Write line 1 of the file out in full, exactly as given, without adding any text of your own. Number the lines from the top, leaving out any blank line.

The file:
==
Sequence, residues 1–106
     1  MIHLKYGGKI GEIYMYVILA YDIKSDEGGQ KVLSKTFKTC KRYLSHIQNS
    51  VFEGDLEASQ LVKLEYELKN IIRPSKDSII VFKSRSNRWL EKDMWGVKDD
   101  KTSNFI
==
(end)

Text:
Sequence, residues 1–106